Acquaviva Picena and the Acquaviva family
One of the most significant members of the Acquaviva family we know of is the leader Rinaldo Acquaviva, son of Rinaldo known as “il Grasso” (the fat man) who had received some land from the emperor Henry VI of Swabia.
Another Rinaldo led the Swabian troops against Viterbo in 1231 and then became Cremona's Podesta.
With Enzo, Frederick II's son and vicar of the Marches, he led an army that is said to have consisted of 200 horsemen and 500 Saracens. It was employed to regain the Marches communes from the Pope in 1239.
His loyalty to the Swabian house never flinched and was sealed, in 1234, by the marriage of Forastéria, daughter of Rinaldo Acquaviva, with Rinaldo di Brunforte, self-appointed vicar of the emperor Frederick II of Swabia and very powerful lord of Sarnano.
During the first siege of Ascoli Piceno, in 1240, Frederick II chose the clergyman Rinaldo Acquaviva and took him to Agrigento where he became bishop. In 1258, he celebrated the mass for Manfred's coronation and was excommunicated by Pope Alexander IV. After reconnecting with his successor Urban IV, he always remained very close with Manfred.
In the years 1290-1292 the Acquaviva castle's territory was equally divided among three different branches of the house, that is among:
-Matteo di Gualtiero, lord of Morro, Canzano and Sant’Omero
-Corrado and Pietro, grandsons of Riccardo di Acquaviva, counts of San Valentino
-Forasteria, Tommasa and Elena (who had already died, leaving the other two sisters as the heirs), daughters of Rinaldo il grasso.
Matteo and Corrado denied the two women their share of inheritance, so much so that they appealed to the court of the Marches Rector, who recognised the legitimacy of their share.
The family's rise did not stop and in mid-fifteenth century, with the marriage of Andrea Matteo Acquaviva with Isabella Piccolomini of Aragon, they became one of the most important and long-standing Italian noble families, which last member was General Luigi Acquaviva, senator of the Kingdom of Italy in 1860 under the Cavour administration.
Between late 12th and early 13th century the Acquaviva family built their mighty Fortress here, which was conquered in July 1438 by Francesco Sforza, who drove Giosia Acquaviva out for good. The castle remained under Sforza domination until 2 June 1448, when the act subjecting Acquaviva to Fermo was drawn up.
Between 1486 and 1494 the castle's fortifications were rebuilt and the keep overlooking the current piazza del forte was added. Certain documents suggest that the very Baccio Pontelli may have contributed to the basic castle fortification design.
A journey through Acquaviva Picena’s history and art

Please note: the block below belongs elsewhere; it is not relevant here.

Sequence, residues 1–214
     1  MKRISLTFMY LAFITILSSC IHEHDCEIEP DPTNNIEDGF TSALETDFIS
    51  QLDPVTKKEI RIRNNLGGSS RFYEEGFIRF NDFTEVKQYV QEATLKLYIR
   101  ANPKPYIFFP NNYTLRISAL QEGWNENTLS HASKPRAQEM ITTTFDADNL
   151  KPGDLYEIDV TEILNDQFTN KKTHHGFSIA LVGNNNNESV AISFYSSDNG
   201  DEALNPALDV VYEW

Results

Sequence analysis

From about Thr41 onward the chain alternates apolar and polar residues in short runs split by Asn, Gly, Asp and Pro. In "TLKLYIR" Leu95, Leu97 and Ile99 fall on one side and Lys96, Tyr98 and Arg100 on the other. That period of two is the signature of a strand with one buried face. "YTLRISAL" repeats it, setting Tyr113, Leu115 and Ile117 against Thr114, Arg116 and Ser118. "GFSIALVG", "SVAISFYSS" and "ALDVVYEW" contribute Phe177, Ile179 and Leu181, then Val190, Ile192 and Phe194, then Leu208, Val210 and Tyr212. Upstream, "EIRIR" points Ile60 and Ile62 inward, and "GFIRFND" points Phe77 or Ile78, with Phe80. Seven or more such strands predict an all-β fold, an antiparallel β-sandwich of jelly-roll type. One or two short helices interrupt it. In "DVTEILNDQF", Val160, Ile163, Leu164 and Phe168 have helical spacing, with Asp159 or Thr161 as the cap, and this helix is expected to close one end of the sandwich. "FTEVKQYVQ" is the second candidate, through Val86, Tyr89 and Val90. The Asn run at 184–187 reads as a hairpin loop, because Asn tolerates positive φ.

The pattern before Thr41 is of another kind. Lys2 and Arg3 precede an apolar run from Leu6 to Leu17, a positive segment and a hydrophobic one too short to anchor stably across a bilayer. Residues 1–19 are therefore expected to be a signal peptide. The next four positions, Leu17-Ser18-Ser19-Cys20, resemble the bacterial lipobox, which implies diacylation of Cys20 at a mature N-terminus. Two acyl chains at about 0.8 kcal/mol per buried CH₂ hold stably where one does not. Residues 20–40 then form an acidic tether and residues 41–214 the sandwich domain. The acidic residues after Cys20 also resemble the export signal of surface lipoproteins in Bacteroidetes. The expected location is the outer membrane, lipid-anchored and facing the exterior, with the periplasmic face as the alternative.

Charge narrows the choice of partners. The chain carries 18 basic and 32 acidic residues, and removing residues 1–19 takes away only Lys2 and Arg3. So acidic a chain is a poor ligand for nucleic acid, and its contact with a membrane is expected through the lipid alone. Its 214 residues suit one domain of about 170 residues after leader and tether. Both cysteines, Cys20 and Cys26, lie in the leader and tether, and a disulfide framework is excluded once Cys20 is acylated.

Of Piceno origin, the town was owned by the Acquaviva family, a pro-Imperial family who built the fortress here, expanding the previous small fortification. In late fifteenth century, newly created firearms forced the old castles to modify their walls with high scarps and ramparts to ensure greater strength against artillery. Baccio Pontelli is presumed to have designed this upgrade and local skilled workers implemented it. The keep houses the Museo La Fortezza nel Tempo (The Fortress in Time Museum) featuring a mini tactile exhibition for the visually impaired, precious Piceno artefacts found in the Acquaviva area, and a VR video narrating the historical-architectural development of the Fortress. Enclosed in the walls is a village of rare beauty with little gems such as the fourteenth century church of St. Nicholas, now St. Rocco, with its Romanesque facade decorated with ceramic bowls, the parish church of St. Nicholas built between 1570 and 1602 by expanding the original church (community centre) of St. Rocco, the church of St. Lawrence established by the Augustinians in 1613, the church of St. George and the church of Santa Maria delle Palme. You cannot miss Palazzo Cancelli, the town hall, with its magnificent rooms frescoed with mythological scenes and, on the ground floor, the Sale del Palio ("Palio Halls") dedicated to the Sponsalia re-enactment and venue for exhibitions and conventions.
Outside the city walls is the oldest Franciscan convent in the Marche region, perhaps founded by the very St. Francis with the support of the Acquaviva family and, according to undocumented sources, with a donation by the very Frederick II. The Terraviva Association has been promoting and preserving the wise art of straw weaving for several years, called pajarola here, with exhibitions and training courses held by Master Straw Weavers.
The town's main event is Sponsalia, the re-enactment of the marriage between Forasteria d'Acquaviva and the great Rinaldo di Brunforte, Frederick II's vicar, which is celebrated inside the Fortress amid medieval banquets and fireworks that "light up" the Fortress.
The IME - The Marches Food and Wine Institute recommends:
Among white wines, Passerina di Offida DOCG has been cited since the 17th century and is a perfect match for shellfish, aged cheeses and dry pastries.
Falerio dei Colli Ascolani DOC is named after the Roman city of Faleria Augusta, which used to send excellent wine, wheat and oil to Rome. Perfect with fish soups and fried dishes like Ascoli-style stuffed olives.
Among red wines, Rosso Piceno DOC and Rosso Piceno Superiore DOC seem to be very ancient wines which are described by the Latin poet Polibius, who tells how Hannibal, on his way to Rome, had his tired horses massaged with local red wine. A firm wine that deserves to be matched with meat and truffle.
This is a traditional Marche dessert that has its roots in the farming tradition and is a real feast for the eyes and the mouth. A sweet shortcrust pastry shaped like the two halves of a peach filled with mouth-watering cocoa cream. To make them resemble even more the fruit they are inspired to, they are coated with Alchermes and sprinkled with pearl sugar.